My initial reaction is that this is a poor rule. That said, I see the value of it. Luke McGrath was born in Canada and last played for Ireland 2 years ago. If he's out of favour with Ireland, he could represent Canada in the next world cup and would almost certainly start for them.
Rhys Ruddock could play for Wales in the next 6 nations if they have an injury crisis.
Or NZ could really screw Ireland over by paying Carbery a boatload of money to come back to NZ with the promise of a slot on the All Blacks in 3 years time (meanwhile denying Ireland their outhalf)

Admittedly, the latter scenario is mildly implausible.
 
My initial reaction is that this is a poor rule. That said, I see the value of it. Luke McGrath was born in Canada and last played for Ireland 2 years ago. If he's out of favour with Ireland, he could represent Canada in the next world cup and would almost certainly start for them.
Rhys Ruddock could play for Wales in the next 6 nations if they have an injury crisis.
Or NZ could really screw Ireland over by paying Carbery a boatload of money to come back to NZ with the promise of a slot on the All Blacks in 3 years time (meanwhile denying Ireland their outhalf)

Admittedly, the latter scenario is mildly implausible.
To be fair it’s clearly there for the Pacific Islanders.
I tell you what though a couple of years ago it would have been handy to get AJ McGinty to stand down from the US team, seriously underrated player.
 

How bad boy

Full Member
It's bollocks. It's no worse than someone rocking up at the airport with a kiwi accent and togging out in a green jersey in Lansdowne Road a few years later.
I thought that initially, but actually, the way it's worded, you need a family connection to actually play for the 2nd country.

I can see the situation that it deals with, the sort of situation where say a Tongan player gets a couple of starts for NZ, but doesn't really nail down a spot, they'e permanently excluded.

Looking at some other players who could benefit from this:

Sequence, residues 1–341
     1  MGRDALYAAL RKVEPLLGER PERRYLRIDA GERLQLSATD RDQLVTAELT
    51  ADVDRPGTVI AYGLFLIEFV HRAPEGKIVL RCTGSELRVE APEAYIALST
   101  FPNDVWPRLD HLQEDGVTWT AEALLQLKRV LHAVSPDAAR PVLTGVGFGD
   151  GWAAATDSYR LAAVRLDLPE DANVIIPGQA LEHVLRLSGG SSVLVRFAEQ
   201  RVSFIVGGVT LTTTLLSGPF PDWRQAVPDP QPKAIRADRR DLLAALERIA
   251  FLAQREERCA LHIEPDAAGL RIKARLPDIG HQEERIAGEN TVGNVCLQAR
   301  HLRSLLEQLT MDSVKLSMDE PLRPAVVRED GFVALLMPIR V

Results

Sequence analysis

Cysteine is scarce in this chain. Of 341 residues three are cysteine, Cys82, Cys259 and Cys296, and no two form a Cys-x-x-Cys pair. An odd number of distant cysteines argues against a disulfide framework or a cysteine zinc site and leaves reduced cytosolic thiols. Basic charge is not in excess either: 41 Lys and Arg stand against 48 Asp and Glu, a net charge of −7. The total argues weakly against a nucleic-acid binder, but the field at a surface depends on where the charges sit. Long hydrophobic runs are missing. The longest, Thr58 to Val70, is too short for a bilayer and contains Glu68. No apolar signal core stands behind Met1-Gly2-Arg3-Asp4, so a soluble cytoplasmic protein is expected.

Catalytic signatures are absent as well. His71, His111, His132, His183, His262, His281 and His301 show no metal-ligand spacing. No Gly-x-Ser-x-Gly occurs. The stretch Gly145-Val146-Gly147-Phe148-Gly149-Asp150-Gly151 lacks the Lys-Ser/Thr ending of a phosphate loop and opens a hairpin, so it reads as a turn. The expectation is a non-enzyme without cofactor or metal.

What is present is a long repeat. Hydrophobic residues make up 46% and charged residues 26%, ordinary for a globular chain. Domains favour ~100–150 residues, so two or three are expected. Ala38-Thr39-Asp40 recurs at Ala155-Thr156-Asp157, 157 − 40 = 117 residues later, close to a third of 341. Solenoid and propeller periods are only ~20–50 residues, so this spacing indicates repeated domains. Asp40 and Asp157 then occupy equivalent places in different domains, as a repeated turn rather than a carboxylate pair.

https://www.americasrugbynews.com/2019/09/09/foreign-born-raised-players-at-rwc-2019/

Jordi Murphy and Spain is another one that's actually potentially plausible.

I don't think it's a good rule, in many ways, I think it's compensating for the bad rule that is the residency one.
 
The Slip can go off and pester the Israeli’s. It would be class if Jordi Murphy showed up for a few games in Spain, just to raise the profile or get a bit of focus there. Sam hidalgo-clyne could go for them too
 

jeepers

Full Member
I thought that initially, but actually, the way it's worded, you need a family connection to actually play for the 2nd country.

I can see the situation that it deals with, the sort of situation where say a Tongan player gets a couple of starts for NZ, but doesn't really nail down a spot, they'e permanently excluded.

Looking at some other players who could benefit from this:
https://www.americasrugbynews.com/2019/09/09/foreign-born-raised-players-at-rwc-2019/

Jordi Murphy and Spain is another one that's actually potentially plausible.

I don't think it's a good rule, in many ways, I think it's compensating for the bad rule that is the residency one.
In essence, however, you can play for two different countries. It's nonsense. It's not like decades ago whereby if somebody moved to another country, they'd rarely ever be back.
 

How bad boy

Full Member
In essence, however, you can play for two different countries. It's nonsense. It's not like decades ago whereby if somebody moved to another country, they'd rarely ever be back.
I do think though, the problem actually is that residency rule. 3 years was ridiculous, 5 years still isn't great but to be fair, people can usually gain citizenship of most countries after 5 years. But that should be the driver. If someone is going to represent the country but couldn't be arsed getting citizenship, that says a lot.
This undoes a bit of that 3 year residency rule mess.